Of course, my telling is by no means the complete, illustrated history of Mission, a town that can barely hold onto its own name (since 1884, take your pick: St. Mary's Mission, Mission Junction, Mission City, Village of Mission, Town of Mission, and currently the District of Mission). Not by a long shot; this lurid splash portrays but a small corner of the canvas. How can any one person paint the full picture of a community, after all? No, despite my perverse zeal to stir the viscous mud below the bright surface, great deeds and happy memories adorn the history of this place, too, adding the sparkle and lustre of life above and hopefully beyond the stillness and silence. And yet, no matter how much joie de vivre this community may exhibit on its special days, like a red-carpet celebrity when the cameras start rolling — whether it be the laughing children with their maple leaf flags and pancake stacks celebrating Canada Day up at Heritage Park, or the benevolently stoned crowd at the annual Folk Festival, or even the choked air and sharp adrenaline at the Raceway — surely one thing cannot go unremarked: nearly half of those missing-presumed-dead women were of Aboriginal descent. This adds one more layer of indifference to a jaded populace apparently caught somewhere between the small town rural cruelties of its past and the uneasy suburban shrugs of its gathering future.

I know this. I worked with the street kid population here for years, witnessed their hardscrabble resilience. Few people ever gave a genuine damn about the plight of these children, even though some of the throwaways had not yet reached puberty. Two-thirds of street-involved youth in Mission are Aboriginal. Many are sexually exploited by family members, neighbors, pimps and selected citizens, but few speak of it. Some of these kids head west to Vancouver for a date with misery, stretching already tenuous community ties to the breaking point. My job as a street worker was to speak for these lost children, to ensure some semblance of the child welfare system would kick in through advocacy with social workers or teachers or families or counselors or probation officers. In a world in which the so-called "bottom line" — money and the politics of money — has become drawn too garishly, these already marginalized youth were, and continue to be, largely abandoned by a system designed to protect them. Sometimes I stand beside the town's failing heart, its run down main drag (1st Avenue), taking in the pawnshops and thrift outlets and dollar stores, and I'm convinced I truly hate this place... but only because I've loved it so deeply. In life: death. In death: life. The great inscrutable cycle.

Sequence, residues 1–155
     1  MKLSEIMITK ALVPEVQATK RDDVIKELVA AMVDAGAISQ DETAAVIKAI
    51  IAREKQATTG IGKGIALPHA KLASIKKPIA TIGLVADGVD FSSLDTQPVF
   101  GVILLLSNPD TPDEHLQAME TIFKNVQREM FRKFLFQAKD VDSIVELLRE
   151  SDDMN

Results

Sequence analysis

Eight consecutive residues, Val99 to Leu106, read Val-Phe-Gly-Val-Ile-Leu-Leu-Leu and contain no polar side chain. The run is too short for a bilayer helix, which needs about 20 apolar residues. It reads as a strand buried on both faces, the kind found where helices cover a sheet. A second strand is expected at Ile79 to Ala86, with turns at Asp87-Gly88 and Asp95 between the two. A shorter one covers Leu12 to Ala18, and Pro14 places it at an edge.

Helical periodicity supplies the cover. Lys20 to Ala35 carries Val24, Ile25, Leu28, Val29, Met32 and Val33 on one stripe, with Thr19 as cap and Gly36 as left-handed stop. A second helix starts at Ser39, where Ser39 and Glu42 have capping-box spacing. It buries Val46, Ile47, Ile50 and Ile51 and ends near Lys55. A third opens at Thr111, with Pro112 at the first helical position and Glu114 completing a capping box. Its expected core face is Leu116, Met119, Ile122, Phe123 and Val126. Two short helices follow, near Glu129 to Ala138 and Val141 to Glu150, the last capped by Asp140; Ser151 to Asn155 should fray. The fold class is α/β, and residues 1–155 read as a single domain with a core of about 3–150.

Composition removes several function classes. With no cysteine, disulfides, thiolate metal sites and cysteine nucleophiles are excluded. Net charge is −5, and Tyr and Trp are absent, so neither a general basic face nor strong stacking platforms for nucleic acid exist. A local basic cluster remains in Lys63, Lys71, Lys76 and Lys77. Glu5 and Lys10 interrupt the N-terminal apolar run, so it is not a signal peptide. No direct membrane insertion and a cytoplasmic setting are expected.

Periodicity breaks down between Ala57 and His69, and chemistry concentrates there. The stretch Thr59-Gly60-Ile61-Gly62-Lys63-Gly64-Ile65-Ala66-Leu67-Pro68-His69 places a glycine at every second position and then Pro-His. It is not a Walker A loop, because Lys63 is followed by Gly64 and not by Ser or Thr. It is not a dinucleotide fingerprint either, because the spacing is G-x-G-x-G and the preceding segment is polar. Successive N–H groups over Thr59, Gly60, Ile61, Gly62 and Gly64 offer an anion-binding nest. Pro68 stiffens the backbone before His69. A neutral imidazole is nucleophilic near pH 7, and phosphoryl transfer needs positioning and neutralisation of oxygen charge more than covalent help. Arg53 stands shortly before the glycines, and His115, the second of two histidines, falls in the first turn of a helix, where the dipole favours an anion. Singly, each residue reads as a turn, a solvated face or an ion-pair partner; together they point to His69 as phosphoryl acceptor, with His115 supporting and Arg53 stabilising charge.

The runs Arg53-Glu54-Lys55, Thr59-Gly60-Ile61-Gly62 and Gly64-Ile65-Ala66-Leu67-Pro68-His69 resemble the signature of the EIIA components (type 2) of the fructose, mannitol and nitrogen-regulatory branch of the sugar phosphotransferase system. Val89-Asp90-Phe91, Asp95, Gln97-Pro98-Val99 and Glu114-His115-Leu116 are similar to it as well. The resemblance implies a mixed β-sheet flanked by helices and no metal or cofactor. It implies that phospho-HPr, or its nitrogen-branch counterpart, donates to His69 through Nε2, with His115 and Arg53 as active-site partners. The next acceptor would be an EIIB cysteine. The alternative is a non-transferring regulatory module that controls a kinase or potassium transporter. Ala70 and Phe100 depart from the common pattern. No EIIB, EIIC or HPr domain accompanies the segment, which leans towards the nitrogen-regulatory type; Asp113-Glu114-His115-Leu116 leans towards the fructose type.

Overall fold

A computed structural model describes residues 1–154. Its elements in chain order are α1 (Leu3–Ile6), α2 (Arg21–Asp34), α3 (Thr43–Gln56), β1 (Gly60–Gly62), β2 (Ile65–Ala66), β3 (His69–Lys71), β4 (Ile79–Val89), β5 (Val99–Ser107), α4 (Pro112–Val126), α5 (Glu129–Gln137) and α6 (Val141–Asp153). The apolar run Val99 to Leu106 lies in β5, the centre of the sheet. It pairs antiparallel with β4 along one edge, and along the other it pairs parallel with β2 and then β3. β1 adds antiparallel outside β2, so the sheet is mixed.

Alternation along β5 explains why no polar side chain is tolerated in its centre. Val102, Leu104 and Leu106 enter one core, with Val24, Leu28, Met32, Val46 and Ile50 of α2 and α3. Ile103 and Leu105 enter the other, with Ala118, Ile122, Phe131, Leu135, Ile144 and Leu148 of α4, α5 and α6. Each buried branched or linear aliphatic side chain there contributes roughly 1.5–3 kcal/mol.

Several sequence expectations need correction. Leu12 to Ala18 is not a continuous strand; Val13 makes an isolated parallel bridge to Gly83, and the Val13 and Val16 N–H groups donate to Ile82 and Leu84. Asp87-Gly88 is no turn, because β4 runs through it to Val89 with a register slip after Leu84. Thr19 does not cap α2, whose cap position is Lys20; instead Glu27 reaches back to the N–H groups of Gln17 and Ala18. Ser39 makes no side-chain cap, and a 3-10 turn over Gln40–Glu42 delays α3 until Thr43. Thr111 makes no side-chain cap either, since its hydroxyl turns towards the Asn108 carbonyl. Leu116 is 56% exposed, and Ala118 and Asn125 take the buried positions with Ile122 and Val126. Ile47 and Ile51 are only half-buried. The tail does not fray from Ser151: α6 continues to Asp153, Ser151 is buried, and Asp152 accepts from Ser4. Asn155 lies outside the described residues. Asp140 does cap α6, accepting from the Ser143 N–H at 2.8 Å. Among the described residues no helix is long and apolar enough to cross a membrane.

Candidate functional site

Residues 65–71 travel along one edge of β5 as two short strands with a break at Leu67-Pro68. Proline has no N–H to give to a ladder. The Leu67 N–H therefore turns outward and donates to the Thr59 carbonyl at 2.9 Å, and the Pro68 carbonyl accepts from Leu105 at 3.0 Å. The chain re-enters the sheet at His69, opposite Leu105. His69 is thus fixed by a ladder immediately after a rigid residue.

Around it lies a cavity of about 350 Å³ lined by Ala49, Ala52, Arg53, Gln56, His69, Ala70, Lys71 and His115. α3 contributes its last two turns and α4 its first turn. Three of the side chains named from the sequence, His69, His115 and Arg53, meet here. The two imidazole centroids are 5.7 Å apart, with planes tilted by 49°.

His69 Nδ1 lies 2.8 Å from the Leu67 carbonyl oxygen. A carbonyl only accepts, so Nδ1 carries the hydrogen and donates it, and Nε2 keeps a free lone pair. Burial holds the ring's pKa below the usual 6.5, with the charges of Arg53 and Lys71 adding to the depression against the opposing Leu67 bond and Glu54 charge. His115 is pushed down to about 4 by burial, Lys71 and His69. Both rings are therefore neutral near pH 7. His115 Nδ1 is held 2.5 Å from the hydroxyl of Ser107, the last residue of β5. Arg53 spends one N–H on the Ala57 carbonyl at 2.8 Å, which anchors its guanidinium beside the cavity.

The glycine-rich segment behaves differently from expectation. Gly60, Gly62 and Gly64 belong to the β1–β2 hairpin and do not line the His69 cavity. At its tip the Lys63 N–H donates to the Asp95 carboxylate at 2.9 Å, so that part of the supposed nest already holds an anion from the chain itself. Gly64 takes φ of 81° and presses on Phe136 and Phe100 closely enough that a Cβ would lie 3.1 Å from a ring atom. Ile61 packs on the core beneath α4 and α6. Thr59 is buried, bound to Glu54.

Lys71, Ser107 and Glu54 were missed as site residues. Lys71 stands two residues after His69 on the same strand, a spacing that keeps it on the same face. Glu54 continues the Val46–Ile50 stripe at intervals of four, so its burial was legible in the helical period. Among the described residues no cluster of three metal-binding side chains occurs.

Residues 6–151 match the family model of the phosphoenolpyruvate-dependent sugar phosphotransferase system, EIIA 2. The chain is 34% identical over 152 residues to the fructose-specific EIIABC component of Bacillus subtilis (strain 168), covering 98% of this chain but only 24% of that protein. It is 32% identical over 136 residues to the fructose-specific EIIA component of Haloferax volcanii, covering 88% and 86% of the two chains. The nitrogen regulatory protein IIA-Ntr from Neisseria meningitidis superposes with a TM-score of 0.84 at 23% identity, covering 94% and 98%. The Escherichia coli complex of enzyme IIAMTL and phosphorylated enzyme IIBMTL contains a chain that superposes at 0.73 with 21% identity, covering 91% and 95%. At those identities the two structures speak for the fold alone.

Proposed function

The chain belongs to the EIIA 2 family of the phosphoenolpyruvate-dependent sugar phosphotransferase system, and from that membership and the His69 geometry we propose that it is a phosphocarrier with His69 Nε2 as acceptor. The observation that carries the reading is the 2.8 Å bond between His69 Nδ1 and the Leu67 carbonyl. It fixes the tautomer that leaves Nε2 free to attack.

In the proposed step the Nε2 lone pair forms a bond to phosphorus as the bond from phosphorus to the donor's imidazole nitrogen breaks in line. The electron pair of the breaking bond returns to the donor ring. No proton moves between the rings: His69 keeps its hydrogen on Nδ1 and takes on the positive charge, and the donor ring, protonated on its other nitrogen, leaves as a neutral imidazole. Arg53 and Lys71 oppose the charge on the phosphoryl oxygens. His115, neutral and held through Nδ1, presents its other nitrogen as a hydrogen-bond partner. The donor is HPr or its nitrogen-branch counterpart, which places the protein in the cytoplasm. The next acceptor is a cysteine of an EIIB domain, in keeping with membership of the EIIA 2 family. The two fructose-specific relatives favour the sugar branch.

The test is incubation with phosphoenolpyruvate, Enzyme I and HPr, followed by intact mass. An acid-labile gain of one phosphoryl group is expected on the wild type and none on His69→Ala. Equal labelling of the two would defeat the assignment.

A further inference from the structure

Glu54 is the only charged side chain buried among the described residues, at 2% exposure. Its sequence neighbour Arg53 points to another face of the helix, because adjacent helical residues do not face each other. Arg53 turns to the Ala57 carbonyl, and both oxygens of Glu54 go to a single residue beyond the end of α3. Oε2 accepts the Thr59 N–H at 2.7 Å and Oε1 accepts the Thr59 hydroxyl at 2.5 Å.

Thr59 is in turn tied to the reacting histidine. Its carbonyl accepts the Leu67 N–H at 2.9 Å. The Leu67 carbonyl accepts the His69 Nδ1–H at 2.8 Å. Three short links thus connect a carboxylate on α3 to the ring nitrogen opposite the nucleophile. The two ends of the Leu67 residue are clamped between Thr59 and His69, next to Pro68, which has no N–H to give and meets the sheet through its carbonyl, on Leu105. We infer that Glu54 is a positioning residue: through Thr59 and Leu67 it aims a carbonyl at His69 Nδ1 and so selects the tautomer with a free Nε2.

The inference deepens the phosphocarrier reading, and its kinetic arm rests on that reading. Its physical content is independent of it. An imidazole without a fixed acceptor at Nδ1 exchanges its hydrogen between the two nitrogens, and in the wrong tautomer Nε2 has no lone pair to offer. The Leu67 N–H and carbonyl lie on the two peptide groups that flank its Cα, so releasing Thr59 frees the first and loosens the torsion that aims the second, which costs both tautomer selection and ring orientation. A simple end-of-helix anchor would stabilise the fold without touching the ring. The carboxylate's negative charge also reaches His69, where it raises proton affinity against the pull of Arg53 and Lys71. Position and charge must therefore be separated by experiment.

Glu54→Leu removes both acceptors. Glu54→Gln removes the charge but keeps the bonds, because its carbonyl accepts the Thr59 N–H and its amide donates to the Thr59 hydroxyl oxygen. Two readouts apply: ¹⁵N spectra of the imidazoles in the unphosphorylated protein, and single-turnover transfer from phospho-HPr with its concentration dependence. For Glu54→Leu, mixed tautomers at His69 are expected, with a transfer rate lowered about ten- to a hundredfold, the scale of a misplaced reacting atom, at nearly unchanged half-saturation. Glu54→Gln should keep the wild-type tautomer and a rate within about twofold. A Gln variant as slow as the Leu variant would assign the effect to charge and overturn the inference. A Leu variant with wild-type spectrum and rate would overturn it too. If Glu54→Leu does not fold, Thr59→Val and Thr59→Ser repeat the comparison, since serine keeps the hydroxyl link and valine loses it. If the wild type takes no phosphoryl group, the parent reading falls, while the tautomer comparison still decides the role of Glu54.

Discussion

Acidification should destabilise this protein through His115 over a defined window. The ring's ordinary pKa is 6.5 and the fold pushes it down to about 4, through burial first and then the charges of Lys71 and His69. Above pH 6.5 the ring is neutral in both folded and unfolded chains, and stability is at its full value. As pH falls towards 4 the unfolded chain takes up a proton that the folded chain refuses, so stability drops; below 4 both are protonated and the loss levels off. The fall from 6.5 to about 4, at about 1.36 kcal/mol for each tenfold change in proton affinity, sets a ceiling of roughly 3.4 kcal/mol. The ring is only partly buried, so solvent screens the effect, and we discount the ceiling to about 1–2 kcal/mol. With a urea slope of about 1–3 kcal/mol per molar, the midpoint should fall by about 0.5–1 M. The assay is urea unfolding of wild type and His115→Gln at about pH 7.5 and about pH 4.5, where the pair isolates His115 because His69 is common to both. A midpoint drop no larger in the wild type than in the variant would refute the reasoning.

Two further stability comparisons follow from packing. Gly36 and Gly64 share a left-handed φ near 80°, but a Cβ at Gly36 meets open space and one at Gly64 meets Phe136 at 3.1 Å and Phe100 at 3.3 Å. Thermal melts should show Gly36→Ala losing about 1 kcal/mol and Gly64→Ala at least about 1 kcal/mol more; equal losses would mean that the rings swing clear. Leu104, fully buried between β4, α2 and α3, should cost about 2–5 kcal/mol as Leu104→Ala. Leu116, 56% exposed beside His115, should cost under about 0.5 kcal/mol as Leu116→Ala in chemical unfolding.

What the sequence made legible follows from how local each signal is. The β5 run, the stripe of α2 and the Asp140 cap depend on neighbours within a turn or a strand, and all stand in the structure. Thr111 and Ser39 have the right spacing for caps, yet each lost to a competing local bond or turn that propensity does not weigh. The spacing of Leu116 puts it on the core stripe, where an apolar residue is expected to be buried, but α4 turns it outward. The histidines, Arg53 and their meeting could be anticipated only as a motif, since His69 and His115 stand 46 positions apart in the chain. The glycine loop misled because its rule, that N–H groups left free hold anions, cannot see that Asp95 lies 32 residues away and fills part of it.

In this way, the perennially troubled summer Pow Wow, always skirting the edge of ruin (corrupt, inept politics and sporadic funding, take a bow), yet often prevailing regardless, seems to me a far more accurate symbol of the clutching, ragged breaths that secretly haunt the sleep of this community. The fleeting vibrant colours of traditional dancers whirling in bright regalia — poignant as the plumage of endangered birds, flying amongst the high wailing melismas of the Northern-style singing and the vital, aorta-punching drums of the circles — somehow speaks more of an unavenged wound in time and place, set amid the cruelty that underlies so much beauty, than anything else this conflicted human settlement seems capable of offering.

An absurd contrast, really — this vibrant gathering and the judgmental silence of all those surrounding stories of the dead — the whole place holding its breath waiting for these mortal sorrows to purge themselves before the pristine lawns and asphalt and vinyl sidings are allowed to spread and eventually suffocate every fucking thing that ever felt like something here.

For here, tenacious as the town itself alongside relentless churning waters, the living will no doubt cling to hope and the perpetual dream of life until the muscled river — unnoticed, stealthy, taken for granted — wrestles away everything (horror, joy, splintered wood and the final word) at long last, sending it all tumbling toward the planet's dark and pitiless seas for good.